If you're in the middle of building or construction and your building permit has expired, soon you might not pay high renewable fees.
The town is considering changes to its building permit renewable fees. Currently, to avoid high fees people can renew their permits while they're still valid. When a permit expires, after one year the applicant must pay 25 percent of the original amount; 50 percent after two years, and the total amount is due again after three years.
Yorktown supervisor Michael Grace suggested a flat "reasonable" administrative fee for permit renewals, unless there are code revisions that require a revised plan.
"The bottom line with this stuff is if you make it so expensive to do it within the law, [people will] build it outside the law," Grace said.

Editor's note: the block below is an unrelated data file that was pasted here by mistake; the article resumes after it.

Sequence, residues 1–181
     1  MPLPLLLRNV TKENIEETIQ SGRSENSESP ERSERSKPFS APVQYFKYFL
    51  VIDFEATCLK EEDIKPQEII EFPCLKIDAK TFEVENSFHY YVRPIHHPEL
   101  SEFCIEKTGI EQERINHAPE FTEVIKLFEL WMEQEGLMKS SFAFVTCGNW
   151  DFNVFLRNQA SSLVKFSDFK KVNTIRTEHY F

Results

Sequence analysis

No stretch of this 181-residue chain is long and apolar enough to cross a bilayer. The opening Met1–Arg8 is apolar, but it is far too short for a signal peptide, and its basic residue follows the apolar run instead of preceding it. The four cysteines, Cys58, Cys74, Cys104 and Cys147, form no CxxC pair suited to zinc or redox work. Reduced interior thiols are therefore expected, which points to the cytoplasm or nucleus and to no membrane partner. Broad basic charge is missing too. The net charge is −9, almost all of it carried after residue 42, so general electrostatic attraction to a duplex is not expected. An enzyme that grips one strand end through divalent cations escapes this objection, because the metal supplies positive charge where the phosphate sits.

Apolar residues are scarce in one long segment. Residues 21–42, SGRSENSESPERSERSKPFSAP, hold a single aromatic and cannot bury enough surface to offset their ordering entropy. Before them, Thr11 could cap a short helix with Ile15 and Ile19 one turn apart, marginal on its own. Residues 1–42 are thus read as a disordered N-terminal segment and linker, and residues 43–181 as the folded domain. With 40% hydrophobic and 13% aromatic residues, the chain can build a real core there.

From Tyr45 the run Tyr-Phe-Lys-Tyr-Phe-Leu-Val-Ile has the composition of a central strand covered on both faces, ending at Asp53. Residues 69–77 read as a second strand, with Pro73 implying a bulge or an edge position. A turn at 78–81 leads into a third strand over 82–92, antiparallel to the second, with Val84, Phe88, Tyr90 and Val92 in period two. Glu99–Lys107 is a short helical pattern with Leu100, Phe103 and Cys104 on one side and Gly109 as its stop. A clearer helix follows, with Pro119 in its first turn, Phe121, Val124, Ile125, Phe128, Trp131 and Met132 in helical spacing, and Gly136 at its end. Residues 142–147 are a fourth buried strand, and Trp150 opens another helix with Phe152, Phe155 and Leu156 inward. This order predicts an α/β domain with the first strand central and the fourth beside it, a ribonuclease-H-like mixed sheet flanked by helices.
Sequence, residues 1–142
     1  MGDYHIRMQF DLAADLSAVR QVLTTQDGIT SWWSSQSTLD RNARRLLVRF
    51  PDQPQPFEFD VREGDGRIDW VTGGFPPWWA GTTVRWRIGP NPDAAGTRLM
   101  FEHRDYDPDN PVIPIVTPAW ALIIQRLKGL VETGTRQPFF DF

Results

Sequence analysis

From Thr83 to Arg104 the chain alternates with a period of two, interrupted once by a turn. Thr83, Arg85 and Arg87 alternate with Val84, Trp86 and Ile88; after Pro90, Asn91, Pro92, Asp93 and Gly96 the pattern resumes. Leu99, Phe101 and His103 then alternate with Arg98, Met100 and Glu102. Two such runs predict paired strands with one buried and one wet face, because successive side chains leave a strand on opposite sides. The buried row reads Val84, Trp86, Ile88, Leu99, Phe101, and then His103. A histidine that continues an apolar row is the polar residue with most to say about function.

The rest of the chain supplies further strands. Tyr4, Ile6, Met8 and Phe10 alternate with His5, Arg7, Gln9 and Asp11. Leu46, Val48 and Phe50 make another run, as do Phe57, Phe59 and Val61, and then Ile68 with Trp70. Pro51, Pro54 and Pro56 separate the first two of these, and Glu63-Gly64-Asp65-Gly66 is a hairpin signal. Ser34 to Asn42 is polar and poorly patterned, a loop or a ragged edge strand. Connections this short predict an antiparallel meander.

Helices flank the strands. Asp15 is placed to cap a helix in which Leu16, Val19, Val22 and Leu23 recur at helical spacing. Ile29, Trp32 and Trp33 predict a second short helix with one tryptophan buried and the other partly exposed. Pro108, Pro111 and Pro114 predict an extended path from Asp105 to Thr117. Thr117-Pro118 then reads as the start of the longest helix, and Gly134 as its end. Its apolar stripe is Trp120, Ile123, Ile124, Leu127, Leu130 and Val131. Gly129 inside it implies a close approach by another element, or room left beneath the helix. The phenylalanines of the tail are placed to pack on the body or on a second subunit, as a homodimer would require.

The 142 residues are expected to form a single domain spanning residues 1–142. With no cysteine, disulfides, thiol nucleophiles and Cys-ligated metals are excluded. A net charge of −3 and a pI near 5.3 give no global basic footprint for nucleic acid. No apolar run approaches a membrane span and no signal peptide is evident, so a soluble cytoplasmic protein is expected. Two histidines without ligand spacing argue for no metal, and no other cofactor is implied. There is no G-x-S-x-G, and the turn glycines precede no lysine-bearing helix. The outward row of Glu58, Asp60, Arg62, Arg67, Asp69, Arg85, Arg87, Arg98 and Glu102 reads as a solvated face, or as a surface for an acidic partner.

According to a town code, which took effect in November 2010, building permits become invalid if work did not begin within six months and permits can be extended for 12 months upon payment of the applicable fee. The procedures and fees are posted on the town's website.
During a town board discussion last week, Grace asked building inspector John Winter what the price for the average permit renewal was and Winter said it was between $500 and $4,000.
Winter said that residents, with expired permits and whose work has not been completed, should wait until the town board makes the necessary changes before they apply for a building permit renewal.
Yorktown town board members are drafting a law with the proposed changed and will discuss it during their work session on Tuesday, Feb. 28.
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